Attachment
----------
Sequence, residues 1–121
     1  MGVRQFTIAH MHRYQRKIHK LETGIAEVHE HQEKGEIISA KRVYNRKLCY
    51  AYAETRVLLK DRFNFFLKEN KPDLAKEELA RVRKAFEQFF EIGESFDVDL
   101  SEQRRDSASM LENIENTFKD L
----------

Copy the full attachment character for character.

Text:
Sequence, residues 1–121
     1  MGVRQFTIAH MHRYQRKIHK LETGIAEVHE HQEKGEIISA KRVYNRKLCY
    51  AYAETRVLLK DRFNFFLKEN KPDLAKEELA RVRKAFEQFF EIGESFDVDL
   101  SEQRRDSASM LENIENTFKD L